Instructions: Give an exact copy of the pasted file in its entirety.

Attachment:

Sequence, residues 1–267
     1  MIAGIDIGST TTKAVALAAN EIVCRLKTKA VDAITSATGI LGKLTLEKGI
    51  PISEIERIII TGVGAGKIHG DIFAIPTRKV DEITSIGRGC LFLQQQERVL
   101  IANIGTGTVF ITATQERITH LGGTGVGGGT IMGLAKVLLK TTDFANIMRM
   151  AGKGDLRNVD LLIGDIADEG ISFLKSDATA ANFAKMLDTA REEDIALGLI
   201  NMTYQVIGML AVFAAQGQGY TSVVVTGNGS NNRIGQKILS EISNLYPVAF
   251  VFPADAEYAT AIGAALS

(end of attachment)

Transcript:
Sequence, residues 1–267
     1  MIAGIDIGST TTKAVALAAN EIVCRLKTKA VDAITSATGI LGKLTLEKGI
    51  PISEIERIII TGVGAGKIHG DIFAIPTRKV DEITSIGRGC LFLQQQERVL
   101  IANIGTGTVF ITATQERITH LGGTGVGGGT IMGLAKVLLK TTDFANIMRM
   151  AGKGDLRNVD LLIGDIADEG ISFLKSDATA ANFAKMLDTA REEDIALGLI
   201  NMTYQVIGML AVFAAQGQGY TSVVVTGNGS NNRIGQKILS EISNLYPVAF
   251  VFPADAEYAT AIGAALS